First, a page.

India recorded the highest number of suicides in Southeast Asia in 2012, says a report released by the World Health Organisation (WHO) in Geneva on Thursday. The number of victims was 2,58,075 — 1,58,098 men and 99,977 women — that year. Globally, the number was 8,04,000.
The report says a suicide takes place every 40 seconds in the world, and calls for coordinated action against it worldwide. Data collated over a decade show most suicides in the world occur in Southeast Asia, 39 per cent of those in low- and middle-income countries in the region. Suicide by pesticide ingestion is among the most common methods employed globally and is of particular concern in rural areas in Southeast Asia.
Suicide is the second leading cause of death in the 15-29 age group. There are indications that for each adult who die of suicide, more than 20 attempt it, the report says. Pesticide consumption, hanging and use of firearms are among the most common methods of suicide globally. Based on evidence from Australia, Canada, Japan, New Zealand, the United States and a number of European countries, limiting access to these means can help prevent deaths.
The report says that in richer countries, three times as many men die by suicide than women; men aged 50 and above are a particularly vulnerable group. In low-and middle-income countries, young adults and elderly women have higher rates of suicide than their counterparts in high-income countries. Women aged over 70 are more than twice likely to commit suicide than women in the 15-29 age group.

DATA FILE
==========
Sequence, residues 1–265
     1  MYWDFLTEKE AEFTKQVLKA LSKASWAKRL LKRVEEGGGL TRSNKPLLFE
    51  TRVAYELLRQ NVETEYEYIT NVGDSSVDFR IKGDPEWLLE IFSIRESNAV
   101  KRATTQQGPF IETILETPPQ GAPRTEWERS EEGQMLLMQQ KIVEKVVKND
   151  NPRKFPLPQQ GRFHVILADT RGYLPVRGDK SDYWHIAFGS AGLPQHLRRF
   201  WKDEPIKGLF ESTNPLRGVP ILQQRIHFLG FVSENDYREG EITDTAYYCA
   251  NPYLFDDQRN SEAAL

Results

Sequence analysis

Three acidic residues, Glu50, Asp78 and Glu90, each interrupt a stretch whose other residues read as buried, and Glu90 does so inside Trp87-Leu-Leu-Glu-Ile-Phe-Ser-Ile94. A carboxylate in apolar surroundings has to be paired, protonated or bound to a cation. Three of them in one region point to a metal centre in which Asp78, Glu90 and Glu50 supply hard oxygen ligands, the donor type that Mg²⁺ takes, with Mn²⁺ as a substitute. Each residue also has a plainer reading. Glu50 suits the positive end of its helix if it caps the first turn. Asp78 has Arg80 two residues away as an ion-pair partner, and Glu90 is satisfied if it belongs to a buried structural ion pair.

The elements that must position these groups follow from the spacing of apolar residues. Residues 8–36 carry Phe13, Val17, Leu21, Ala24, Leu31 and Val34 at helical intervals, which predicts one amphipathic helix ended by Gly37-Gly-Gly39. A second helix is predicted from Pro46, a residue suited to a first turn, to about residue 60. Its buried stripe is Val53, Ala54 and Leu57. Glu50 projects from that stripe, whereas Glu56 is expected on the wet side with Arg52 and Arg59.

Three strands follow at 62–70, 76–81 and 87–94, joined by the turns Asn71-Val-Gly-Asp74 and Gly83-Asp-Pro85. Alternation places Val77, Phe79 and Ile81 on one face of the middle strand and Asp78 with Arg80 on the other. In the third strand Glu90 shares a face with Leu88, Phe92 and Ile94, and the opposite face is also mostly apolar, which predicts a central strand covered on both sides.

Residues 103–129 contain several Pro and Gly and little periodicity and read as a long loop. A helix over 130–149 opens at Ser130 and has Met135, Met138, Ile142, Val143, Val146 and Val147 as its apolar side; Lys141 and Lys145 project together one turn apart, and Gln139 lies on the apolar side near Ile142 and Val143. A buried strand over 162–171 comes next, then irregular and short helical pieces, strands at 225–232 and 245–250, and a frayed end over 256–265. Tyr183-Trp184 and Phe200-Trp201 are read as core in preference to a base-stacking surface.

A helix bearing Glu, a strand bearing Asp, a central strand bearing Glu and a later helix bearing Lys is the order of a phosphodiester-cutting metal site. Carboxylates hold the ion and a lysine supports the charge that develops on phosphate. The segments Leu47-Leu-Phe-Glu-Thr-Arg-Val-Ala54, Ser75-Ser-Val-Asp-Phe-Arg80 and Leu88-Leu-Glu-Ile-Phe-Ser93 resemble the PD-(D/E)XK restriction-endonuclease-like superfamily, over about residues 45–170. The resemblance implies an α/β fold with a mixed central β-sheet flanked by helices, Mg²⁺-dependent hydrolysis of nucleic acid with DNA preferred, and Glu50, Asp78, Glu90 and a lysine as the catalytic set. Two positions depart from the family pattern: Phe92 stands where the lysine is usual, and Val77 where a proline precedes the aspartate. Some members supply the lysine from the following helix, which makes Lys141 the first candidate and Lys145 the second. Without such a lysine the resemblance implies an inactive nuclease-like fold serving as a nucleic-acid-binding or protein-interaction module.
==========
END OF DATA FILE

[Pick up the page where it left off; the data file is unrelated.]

The report underlines that suicides are “preventable” and advocates establishment and implementation of a coordinated plan of action by governments. “Currently, only 28 countries are known to have national suicide prevention strategies,” it says.
Assessment and management of mental disorders, restricting access to the means of suicide, developing policies to reduce the harmful use of alcohol through a range of policy options, and encouraging the media to follow responsible reporting practices on suicide have been listed as steps to check suicide.
“This report is a call for action to address a large public health problem,” said Margaret Chan, Director-General of WHO, in a statement. The report comes just a week before World Suicide Prevention Day, September 10.